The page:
Because inflation is now so low (around 2 percent and often under), even a relatively mild recession of a 2 percent year-over-year contraction in real growth would see nominal growth drop below zero. During the financial crisis, nominal growth dropped to below negative-3 percent in year-over-year terms.
The future of monetary policy
With current policy forms out of room, future monetary policy objectives will likely need to be targeted at spenders instead of savers and investors through the manipulation of interest rates and asset purchases.
No longer are central bankers constrained by the thinking that the zero interest rate level is an effective lower bound. Now, many economists and policymakers believe that negative interest rates are viable as a stimulatory measure. Japan employs negative interest rates; the European Union uses them; and Switzerland is almost a full 100bps in negative territory in the front end of their curve.
Negative interest rates will make cash a little bit less attractive to push savers and investors into other assets, but not to a huge degree. It won’t incentivize savers and investors into assets that will help finance spending.
Quantitative easing will help drive asset prices higher. But people will still want to save and borrowers and lenders will still be cautious with each other.
Accordingly, a third form of monetary policy is likely to more directly put money in the hands of spenders and tie it to incentives that force them to spend it.
For example, each citizen could receive a “stipend” from the government at periodic intervals (it could be means-tested or simply sent to everyone equally) and force them to spend it by, e.g., having it disappear after some time. This is what’s commonly called “helicopter money”.
Another form could be fiscal and monetary policy coordination, which some countries already do (like Japan with Abenomics). This is what’s essentially known as debt monetization, where the central bank receives authority to participate in government spending and consumption programs.
In neither of these proposals are the rates or bond markets any longer a constraining force in pushing out monetary policy objectives.
Over time it’s likely that you’ll see more centralized underwriting of private sector credit, and more so-called “state capitalism”.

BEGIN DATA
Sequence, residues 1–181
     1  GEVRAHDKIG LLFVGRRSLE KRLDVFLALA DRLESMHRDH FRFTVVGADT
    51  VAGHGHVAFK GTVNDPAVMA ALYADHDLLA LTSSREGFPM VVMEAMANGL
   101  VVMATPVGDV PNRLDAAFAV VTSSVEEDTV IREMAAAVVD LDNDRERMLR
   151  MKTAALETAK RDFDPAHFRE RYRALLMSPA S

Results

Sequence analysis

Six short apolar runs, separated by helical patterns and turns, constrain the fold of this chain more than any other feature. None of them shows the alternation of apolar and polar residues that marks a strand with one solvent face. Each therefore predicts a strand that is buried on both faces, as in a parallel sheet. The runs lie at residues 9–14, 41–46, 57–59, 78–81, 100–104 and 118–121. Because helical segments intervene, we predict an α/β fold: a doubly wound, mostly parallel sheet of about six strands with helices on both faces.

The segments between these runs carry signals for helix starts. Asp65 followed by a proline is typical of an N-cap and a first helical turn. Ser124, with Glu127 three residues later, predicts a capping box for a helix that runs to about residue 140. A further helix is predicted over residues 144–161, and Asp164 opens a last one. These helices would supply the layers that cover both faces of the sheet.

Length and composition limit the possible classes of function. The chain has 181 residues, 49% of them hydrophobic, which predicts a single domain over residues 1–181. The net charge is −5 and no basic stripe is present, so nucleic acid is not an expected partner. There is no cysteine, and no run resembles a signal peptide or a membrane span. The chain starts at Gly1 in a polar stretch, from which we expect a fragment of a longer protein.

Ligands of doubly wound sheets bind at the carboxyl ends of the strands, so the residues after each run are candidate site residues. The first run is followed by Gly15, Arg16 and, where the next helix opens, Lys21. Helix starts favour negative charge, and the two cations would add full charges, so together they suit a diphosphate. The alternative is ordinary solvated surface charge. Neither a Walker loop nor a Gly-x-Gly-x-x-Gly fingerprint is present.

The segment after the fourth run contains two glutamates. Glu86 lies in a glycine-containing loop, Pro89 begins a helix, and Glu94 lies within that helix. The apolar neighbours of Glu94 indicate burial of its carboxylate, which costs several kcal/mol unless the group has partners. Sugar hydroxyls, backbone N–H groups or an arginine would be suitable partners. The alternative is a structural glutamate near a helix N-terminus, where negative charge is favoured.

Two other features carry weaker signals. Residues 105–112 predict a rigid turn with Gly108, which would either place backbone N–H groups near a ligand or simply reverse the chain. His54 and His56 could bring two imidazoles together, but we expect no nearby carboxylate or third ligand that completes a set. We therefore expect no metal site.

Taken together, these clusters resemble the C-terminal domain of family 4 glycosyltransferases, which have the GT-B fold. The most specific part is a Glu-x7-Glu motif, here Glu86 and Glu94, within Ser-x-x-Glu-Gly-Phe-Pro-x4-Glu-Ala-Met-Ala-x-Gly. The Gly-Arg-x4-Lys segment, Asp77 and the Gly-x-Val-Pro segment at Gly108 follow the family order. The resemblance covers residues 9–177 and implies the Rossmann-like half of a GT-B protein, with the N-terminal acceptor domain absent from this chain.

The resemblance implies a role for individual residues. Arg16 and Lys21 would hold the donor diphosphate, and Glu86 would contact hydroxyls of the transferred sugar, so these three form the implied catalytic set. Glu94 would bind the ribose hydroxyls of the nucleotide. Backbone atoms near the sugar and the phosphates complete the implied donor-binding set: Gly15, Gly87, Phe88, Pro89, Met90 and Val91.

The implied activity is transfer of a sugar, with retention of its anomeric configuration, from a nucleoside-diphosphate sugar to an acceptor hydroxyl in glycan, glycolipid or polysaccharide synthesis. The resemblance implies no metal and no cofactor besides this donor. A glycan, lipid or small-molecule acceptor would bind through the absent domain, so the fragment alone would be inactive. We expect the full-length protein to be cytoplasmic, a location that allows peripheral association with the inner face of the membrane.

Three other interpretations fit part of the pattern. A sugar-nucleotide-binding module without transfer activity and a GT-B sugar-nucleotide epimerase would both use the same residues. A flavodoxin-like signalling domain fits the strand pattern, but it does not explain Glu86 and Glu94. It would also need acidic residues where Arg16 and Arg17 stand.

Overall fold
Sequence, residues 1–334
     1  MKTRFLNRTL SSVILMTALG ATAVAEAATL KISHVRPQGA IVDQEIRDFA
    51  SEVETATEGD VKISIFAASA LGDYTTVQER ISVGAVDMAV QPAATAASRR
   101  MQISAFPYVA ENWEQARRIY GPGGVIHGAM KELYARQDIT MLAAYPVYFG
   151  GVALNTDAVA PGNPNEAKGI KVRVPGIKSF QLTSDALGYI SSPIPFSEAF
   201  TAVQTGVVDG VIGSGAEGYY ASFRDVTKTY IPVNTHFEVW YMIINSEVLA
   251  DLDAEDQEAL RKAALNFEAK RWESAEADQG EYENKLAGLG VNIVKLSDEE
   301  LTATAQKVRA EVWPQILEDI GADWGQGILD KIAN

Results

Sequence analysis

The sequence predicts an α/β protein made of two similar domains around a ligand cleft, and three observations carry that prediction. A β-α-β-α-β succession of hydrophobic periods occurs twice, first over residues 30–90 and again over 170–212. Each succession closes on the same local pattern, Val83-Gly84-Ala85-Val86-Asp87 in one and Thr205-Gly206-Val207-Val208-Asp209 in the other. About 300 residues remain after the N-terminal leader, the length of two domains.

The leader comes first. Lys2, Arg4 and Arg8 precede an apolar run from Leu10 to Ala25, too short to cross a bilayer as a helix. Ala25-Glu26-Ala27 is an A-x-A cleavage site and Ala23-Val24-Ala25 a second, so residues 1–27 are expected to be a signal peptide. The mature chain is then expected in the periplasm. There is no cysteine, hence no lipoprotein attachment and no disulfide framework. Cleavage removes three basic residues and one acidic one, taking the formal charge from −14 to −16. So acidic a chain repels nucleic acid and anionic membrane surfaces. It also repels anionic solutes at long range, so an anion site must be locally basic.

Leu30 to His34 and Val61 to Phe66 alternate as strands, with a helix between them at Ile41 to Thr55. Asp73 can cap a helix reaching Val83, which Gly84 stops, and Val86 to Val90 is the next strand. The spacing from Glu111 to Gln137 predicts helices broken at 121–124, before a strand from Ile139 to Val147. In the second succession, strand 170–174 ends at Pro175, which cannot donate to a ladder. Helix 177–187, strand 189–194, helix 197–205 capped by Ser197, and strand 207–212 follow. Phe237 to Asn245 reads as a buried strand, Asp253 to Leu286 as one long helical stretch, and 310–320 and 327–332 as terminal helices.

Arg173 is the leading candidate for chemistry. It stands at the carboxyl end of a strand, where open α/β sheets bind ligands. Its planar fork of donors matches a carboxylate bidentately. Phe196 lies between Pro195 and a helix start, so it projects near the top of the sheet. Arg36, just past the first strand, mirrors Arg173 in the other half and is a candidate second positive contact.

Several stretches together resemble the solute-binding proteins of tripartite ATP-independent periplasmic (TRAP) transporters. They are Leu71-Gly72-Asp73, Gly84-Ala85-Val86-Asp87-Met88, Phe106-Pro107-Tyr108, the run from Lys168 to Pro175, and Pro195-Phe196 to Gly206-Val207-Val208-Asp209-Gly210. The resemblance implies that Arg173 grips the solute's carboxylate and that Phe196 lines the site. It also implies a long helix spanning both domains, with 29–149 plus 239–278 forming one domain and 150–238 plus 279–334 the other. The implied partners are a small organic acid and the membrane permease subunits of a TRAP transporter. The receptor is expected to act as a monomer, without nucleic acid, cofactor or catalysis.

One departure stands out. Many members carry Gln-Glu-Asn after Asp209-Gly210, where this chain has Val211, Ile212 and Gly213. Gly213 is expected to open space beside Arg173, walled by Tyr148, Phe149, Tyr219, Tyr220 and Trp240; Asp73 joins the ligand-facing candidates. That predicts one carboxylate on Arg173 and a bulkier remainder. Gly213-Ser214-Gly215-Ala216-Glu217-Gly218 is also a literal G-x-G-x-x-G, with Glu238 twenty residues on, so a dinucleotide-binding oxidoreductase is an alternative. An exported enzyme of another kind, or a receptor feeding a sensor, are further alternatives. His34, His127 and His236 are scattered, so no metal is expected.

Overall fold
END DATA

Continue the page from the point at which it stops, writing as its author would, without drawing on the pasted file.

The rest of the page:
This means greater coordination between fiscal and monetary policy where the central bank isn’t merely transmitting its policy through the banking system and bond market but rather by directly assisting spending and consumption programs that are traditionally solely within the purview of fiscal policy. In other words, spending will become increasingly separated from borrowing.
Other forms of tertiary monetary policy and tweaks beyond helicopter money and debt monetization could take several different forms:
– capping the cost of capital (similar to what the Fed did from May 1942 to June 1947 in light of World War II and follow-on programs such as the Marshall Plan to assist international recovery efforts)
– for helicopter money, most countries would either need to change the laws to authorize it or circumvent it through a scheme where the central government could, for example, deposit non-redeemable, non-transferable, zero-coupon bonds with the central bank
– increasing commercial bank nationalization
– raising reserve liabilities and reserve ratios
– eliminating interest on excess reserves
– eliminating commercial banks’ ability to accept private sector deposits (commercial bank deposits are not put back to work; there is no matching investment or consumption outlet, unlike the way non-banks use deposits)
The biggest problem for investors moving forward involves the reality that asset prices have been bid up to high values, which has lowered their forward returns. The unavoidable reality is that the value of an asset, whatever its characteristics, cannot over the long term grow faster than its earnings do.
Earnings are a function of growth rates. The US economy and other developed market economies are no longer going to be growing at the rates they once did due to flat-lining and declining working populations, higher dependency ratios, slower productivity growth, and high debt levels.
Lower interest rates and central bank asset purchases simply pull forward future returns. They do not structurally increase them. Stocks might not be extremely overvalued relative to cash, but their absolute returns will be low going forward like all other asset classes.
Future monetary policy objectives are likely to be run not through the rate and bond markets (i.e., targeted at savers and investors). Rather, they will likely be targeted at spenders either through greater fiscal and monetary policy coordination or by putting cash directly in the hands of spenders and unfetter the entire process from borrowing as risk premiums compress further out along the curve.